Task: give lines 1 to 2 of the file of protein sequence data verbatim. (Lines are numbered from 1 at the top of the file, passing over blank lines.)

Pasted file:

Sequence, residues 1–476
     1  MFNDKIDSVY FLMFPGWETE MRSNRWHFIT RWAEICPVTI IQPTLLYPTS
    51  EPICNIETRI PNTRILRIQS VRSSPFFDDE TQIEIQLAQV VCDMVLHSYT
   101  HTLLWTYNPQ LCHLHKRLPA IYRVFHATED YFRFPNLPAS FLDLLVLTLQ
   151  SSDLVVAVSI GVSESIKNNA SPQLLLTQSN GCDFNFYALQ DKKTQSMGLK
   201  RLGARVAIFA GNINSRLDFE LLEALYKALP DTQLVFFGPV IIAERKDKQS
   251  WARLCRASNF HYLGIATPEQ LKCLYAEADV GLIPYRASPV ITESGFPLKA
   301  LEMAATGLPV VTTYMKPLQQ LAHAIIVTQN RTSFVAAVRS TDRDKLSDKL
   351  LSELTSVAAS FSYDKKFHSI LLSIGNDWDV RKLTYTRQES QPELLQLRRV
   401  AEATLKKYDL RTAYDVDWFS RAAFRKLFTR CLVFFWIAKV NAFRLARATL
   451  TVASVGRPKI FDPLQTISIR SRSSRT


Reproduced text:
Sequence, residues 1–476
     1  MFNDKIDSVY FLMFPGWETE MRSNRWHFIT RWAEICPVTI IQPTLLYPTS